I could smell the beer off him. But there was something else, another smell; the smell of chips. That smell I remembered, nights outside the takeaway when I first started out with Stella; the two of us with a skinful on board, each holding a warm bag of chips, the vinegar slathered on and already beginning to stain the bag in patches, and the salt glistening like little snowflakes on the golden chunks as we ate them, Stella and me. Sometime this evening, before he’d hidden in the hedges on the side of this road, waiting, this boy had got his hands on some beer, and then he’d had chips. The torch he was carrying wasn’t really a torch; it was a bicycle lamp and he was shining it in my eyes. The he turned to the Hood, the light still jiggling over my face. ‘This one here,’ he said, his voice rising in excitement. ‘The big lanky fella. This here’s one.’

*

The last time it had been mentioned, we were sitting on the couch, watching telly. The news was showing a funeral; more than one, actually, there were three of them. They were carrying them in to the graveyard, coffin after coffin, like they were coming off an assembly line. ‘Why do you never go?’ she asked. ‘Go where?’ I said. ‘You know where,’ she said. ‘The grave. James’s grave.’ James had been Stella’s father’s name. The cameras were showing the crowds around the opened ground, crying and sighing and dabbing at their eyes. ‘Ach, don’t start this again,’ I said. ‘But you don’t,’ she said. ‘Like an ostrich, so you are, Ollie, with your head stuck in the sand.’ She was shouting now. ‘A big ostrich, that’s what you are.’ I didn’t say anything. The telly showed the priest saying some prayers, and then it was back to the newsreader, who was talking in front of a picture of a building that had been blown apart earlier that day. A minute or two later she got up from the couch and went out of the room. I could hear her clattering around with the kettle and the teapot in the kitchen, and I knew she was crying.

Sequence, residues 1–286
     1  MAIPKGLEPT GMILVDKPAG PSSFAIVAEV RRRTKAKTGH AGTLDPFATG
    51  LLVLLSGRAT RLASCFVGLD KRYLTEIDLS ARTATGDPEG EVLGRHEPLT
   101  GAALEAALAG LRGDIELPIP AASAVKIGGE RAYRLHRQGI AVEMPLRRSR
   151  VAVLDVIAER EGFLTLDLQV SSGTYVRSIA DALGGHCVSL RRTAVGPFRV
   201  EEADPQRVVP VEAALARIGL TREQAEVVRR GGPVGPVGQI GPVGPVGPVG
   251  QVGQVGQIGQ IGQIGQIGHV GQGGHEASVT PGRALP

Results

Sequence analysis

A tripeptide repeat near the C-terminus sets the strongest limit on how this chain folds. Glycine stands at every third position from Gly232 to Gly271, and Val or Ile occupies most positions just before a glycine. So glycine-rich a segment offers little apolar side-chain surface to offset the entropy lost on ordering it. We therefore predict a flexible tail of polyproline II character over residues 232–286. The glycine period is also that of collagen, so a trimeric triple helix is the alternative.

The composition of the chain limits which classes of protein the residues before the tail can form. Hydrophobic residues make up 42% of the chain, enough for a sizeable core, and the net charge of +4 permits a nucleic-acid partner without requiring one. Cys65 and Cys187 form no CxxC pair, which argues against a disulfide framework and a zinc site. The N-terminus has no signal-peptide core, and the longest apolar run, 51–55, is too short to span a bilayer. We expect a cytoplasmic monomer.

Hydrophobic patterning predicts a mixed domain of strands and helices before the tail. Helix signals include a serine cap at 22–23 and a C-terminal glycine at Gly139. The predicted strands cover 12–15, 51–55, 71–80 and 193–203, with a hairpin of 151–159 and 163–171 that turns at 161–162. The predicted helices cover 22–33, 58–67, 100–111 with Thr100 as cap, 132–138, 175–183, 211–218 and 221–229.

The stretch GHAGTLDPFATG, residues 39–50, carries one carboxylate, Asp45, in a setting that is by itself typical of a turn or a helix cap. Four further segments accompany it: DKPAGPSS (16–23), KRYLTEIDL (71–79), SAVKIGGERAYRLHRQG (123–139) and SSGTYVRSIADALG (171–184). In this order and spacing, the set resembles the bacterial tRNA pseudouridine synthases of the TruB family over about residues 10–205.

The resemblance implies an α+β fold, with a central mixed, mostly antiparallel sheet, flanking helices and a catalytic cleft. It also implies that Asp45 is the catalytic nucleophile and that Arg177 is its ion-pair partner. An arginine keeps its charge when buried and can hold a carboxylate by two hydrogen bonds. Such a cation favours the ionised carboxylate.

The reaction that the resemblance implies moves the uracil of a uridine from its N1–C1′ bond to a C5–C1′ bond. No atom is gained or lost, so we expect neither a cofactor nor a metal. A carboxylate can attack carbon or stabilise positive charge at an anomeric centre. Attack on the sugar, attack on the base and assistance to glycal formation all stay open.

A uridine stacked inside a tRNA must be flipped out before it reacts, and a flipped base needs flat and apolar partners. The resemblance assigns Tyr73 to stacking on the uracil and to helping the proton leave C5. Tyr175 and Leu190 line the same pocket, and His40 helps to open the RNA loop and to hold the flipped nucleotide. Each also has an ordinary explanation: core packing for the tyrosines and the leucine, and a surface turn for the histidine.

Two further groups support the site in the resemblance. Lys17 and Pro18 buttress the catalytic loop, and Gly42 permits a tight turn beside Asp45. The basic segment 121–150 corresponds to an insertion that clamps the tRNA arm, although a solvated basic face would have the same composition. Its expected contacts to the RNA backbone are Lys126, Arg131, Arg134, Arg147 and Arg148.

*